"In a world rife with unsolicited messages, typography must often draw attention to itself before it will be read. Yet in order to be read, it must relinquish the attention it has drawn. Typography with anything to say therefore aspires to a kind of statuesque transparency. " - Robert Bringhurst, The Elements of Typographic Style
Though it’s unlikely you noticed, the Apple Store underwent a redesign last month: new home page, information architecture, category pages, and product features. Given the number of languages, countries, and institutions (educational and corporate) with their own version of the Apple store, there’s no doubt this was a large-scale undertaking. Yet, almost no one noticed.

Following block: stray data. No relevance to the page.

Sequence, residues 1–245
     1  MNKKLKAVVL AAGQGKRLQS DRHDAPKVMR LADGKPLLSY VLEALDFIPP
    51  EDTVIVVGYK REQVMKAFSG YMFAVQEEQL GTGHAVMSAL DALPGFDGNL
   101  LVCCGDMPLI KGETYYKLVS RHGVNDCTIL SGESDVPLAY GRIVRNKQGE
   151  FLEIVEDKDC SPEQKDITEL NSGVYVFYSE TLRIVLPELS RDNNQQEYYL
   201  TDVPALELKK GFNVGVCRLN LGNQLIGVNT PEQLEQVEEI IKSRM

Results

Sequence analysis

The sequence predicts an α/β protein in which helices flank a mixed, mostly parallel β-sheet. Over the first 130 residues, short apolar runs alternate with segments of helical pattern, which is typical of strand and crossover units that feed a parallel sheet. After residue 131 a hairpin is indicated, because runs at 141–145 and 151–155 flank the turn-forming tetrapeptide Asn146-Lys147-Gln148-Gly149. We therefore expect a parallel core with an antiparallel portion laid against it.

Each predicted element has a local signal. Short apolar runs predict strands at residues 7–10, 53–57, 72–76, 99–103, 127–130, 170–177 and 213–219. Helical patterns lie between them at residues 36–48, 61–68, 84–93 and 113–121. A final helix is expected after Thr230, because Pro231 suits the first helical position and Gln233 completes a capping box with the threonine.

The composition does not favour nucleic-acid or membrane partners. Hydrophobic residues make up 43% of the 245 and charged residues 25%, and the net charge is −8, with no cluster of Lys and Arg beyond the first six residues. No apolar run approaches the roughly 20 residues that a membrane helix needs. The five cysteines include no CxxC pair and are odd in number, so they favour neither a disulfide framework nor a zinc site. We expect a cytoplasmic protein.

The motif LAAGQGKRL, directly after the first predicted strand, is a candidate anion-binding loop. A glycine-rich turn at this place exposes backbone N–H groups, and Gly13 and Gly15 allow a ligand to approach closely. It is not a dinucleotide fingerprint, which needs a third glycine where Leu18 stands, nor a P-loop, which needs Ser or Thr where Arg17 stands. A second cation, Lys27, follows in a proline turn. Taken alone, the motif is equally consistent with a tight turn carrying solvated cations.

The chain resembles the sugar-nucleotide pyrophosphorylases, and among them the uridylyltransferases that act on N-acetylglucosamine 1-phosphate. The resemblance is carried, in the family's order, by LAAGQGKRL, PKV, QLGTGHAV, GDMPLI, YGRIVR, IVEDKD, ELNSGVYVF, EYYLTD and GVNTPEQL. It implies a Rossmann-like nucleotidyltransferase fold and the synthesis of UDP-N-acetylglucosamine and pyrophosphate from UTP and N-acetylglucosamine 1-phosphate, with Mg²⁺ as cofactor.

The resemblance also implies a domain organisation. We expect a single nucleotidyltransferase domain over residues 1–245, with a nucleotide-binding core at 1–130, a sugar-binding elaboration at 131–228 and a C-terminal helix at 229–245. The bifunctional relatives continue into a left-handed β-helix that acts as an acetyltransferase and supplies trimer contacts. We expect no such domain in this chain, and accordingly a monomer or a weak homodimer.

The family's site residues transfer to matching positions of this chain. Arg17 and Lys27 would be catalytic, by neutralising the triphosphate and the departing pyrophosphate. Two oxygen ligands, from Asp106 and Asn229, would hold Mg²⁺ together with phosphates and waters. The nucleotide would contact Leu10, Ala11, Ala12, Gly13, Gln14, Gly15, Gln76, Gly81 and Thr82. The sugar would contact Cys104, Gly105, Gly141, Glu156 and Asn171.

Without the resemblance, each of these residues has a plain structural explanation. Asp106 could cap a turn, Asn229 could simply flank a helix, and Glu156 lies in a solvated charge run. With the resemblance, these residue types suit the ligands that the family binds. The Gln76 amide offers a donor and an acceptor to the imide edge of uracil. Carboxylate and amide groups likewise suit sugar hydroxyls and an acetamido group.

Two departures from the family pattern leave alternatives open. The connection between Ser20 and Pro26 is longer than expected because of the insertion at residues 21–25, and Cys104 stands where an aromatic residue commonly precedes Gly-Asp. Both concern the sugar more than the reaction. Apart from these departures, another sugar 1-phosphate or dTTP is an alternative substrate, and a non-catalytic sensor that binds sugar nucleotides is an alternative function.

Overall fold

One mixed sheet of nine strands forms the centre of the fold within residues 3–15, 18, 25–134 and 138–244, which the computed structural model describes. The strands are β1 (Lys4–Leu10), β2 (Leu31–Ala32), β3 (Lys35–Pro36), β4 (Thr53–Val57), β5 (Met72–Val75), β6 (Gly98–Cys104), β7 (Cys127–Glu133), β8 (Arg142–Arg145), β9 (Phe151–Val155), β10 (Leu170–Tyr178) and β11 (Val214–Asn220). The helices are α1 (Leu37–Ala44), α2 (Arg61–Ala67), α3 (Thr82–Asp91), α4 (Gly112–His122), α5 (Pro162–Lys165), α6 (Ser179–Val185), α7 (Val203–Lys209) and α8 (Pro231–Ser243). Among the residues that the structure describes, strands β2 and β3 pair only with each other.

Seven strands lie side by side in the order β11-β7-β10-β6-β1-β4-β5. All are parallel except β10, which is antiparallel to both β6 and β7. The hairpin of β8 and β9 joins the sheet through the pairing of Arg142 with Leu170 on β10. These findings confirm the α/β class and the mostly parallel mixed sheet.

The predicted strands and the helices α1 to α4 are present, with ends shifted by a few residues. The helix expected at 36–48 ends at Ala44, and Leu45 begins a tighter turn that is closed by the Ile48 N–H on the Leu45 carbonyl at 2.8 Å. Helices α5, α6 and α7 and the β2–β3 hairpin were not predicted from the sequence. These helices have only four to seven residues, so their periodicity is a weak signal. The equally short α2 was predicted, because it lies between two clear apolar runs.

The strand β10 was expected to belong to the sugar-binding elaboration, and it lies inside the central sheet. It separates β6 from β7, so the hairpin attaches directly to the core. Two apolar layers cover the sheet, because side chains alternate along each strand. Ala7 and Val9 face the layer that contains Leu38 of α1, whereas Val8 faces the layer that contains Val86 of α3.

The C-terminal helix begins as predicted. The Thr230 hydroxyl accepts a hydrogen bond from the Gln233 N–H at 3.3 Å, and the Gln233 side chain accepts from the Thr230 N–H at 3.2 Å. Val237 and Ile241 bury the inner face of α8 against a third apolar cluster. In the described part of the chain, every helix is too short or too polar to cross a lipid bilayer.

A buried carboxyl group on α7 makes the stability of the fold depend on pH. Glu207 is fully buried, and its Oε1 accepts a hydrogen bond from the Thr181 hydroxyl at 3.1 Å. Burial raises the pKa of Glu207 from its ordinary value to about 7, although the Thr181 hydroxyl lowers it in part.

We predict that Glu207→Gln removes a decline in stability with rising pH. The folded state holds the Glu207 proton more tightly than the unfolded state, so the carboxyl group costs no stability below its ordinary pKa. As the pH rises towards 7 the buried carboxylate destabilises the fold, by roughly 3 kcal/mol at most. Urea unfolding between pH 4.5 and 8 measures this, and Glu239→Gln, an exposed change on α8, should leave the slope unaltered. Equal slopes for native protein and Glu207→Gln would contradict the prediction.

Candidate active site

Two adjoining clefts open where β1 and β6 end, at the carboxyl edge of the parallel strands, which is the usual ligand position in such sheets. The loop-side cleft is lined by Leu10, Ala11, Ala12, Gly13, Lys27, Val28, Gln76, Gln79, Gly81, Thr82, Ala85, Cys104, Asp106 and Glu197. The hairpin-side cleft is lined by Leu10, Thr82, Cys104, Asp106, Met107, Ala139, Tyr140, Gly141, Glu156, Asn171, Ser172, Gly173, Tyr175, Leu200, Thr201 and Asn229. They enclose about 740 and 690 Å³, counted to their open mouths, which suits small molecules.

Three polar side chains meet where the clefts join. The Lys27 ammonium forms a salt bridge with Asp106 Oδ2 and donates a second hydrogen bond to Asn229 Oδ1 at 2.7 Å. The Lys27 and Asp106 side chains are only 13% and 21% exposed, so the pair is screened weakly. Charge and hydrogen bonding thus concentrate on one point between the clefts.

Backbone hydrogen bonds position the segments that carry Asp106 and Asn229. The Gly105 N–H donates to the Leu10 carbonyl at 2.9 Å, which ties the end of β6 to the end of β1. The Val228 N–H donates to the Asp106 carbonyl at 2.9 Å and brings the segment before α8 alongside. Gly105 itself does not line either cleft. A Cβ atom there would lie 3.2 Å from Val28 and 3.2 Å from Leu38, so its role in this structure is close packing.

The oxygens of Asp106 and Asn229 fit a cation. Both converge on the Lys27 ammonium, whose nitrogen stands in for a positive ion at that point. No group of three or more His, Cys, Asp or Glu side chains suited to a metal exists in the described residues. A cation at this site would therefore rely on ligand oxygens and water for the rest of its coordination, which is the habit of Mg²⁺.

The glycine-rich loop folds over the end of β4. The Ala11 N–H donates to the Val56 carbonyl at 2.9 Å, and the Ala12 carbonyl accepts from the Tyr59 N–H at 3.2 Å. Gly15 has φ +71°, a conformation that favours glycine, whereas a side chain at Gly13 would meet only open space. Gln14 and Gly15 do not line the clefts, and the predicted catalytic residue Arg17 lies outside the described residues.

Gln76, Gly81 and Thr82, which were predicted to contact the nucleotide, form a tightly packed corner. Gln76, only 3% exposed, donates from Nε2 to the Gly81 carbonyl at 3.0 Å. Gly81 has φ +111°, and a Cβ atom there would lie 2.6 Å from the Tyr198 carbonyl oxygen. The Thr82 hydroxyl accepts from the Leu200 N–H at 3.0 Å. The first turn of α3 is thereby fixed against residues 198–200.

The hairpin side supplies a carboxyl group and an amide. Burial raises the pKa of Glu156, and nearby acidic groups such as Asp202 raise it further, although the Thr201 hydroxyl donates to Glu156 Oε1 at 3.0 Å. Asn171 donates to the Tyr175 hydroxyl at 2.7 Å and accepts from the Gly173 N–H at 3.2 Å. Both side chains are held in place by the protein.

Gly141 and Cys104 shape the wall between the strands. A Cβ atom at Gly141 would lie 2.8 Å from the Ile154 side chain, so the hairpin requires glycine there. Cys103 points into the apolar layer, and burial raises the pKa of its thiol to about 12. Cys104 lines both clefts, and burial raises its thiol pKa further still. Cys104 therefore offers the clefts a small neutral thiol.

To bring it back to the quote that started off this post, many people will argue that great design is nearly invisible. In the case of the Apple store, lots of changes were made but Apple’s customers just continued about their business. They likely felt so at home, they couldn’t identify what’s changed.
On a related note, it’s interesting to note the differences between Apple’s commercial storefronts and lifestyle applications. The Apple Store and the iTunes store both feature many browse paths, product promotions, and calls to actions. One could even say these experiences are quite busy. On the other side of spectrum, iPhoto and iTunes feature a minimum set of actions and really let their content take center stage. Extreme almost minimalist restraint in one set of products -awash with commercial eye candy in the other.